I really liked Thomas' character in the previous book but Laurens turns him into a total a hole in this book. I actually hated him and wished he had stayed away in Glasgow. Around the second last chapter, he comes back and confesses all to her and she takes him back. its the first real communication between them, and the sudden intimacy is jarring. They are still strangers and not sure if what they feel is love. The ongoing mystery is left unresolved too. Then suddenly, they promptly marry, have sex and confess their love, all in ONE paragraph. They are quickly forgotten as the author sets up the next book. WTH?
I wanted to read this book because I love the Cynster family and want to see them all find love and happiness. That said, I don't want to read about every move a character makes described in slow, plodding detail. That's tedious, boring filler. I need substance. I need to see and feel the love and passionate connection between the H/h. Show me the love Stephanie Laurens.
On a side note, take a look at the male model on the cover of the book. I believe that's supermodel David Gandy, the most sinfully gorgeous man on earth. He was the hunky underwear model for Dolce&Gabana and much more. Google him! You're welcome.
Reader, writer, quilter, needleworker, Kentuckian.
I've been a fan of Stephanie Lauren's since her first book, and this newest does not disappoint. It's worth your time and credit.
I thoroughly enjoyed this book. it captured my attention and held me captivated. Readers will not be disappointed .
I enjoy historical, paranormal, and contemporary romance. Also steampunk, sci-fi, fantasy, suspense, and fiction. I'm open to about anything
Grrrr! Why can't I copy & paste from Goodreads?
3 1/2 stars as it's slightly better than average.
Setting: Scotland 1848
Though it isn't absolutely necessary to read the rest of the series, it's helpful to read the first generation book that is about this Cynster's parents (Scandal's Bride).
This is the first full length Cynster TNG (the next generation) novel. This one features Lucilla, the daughter of Richard Cynster and Catriona. She is apprentice to her mother, who is Priestess to the Lady of the Vale, a local deity who protects the estate which is, as far as I understood, the Vale itself. In this book we learn that the Carrick lands fall under the Lady's purview as well.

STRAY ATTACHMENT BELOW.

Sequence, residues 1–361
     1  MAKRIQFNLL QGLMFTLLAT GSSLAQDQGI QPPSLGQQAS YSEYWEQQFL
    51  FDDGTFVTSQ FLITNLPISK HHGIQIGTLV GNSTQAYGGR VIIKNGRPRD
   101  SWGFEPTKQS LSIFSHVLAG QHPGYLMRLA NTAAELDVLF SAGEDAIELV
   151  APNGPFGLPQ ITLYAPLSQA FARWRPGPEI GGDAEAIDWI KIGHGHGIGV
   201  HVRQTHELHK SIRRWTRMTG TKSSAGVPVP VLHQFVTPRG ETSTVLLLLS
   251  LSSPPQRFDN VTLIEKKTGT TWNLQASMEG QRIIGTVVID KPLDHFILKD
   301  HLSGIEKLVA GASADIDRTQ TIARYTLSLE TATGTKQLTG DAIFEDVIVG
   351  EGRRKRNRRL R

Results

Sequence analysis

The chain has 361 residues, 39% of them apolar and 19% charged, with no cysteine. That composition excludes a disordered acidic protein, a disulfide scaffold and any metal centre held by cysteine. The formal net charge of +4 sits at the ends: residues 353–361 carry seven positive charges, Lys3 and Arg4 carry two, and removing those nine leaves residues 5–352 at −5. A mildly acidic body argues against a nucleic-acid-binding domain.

Thomas Carrick is the orphaned nephew of Manachan Carrick. He was raised from the age of 8 by both Manachan and Quentin Hemmings, his maternal uncle who is part owner of Carrick Enterprises in Glasgow. The uncles agreed that, as Thomas was the heir to his father's portion of the business, he would be educated in Glasgow, but spend school holidays with Uncle Manachan. Since he was 8, Thomas has had a plan for how his life would develop: education in business, work at Carrick Enterprises with his maternal relatives, marry an appropriate lady, and have a family. There is simply no place in his plan for Lucilla Cynster.
Lucilla, however, has plans that conflict with his. She has known for 10 years (since they met in the novella By Winter's Light when they were both 18) that Thomas would be her consort in the Vale, as her father is consort to her mother. And she's been waiting for him to come to her for every one of those 10 years. Although Thomas is attracted to Lucilla, he's been avoiding her to the point that he has not visited his family for the past 2 years. That's a pretty clear message, don't you think? Seems like The Lady could have lured a man who would accept his role before Lucilla was past prime child-bearing age. But no, it has to be Thomas.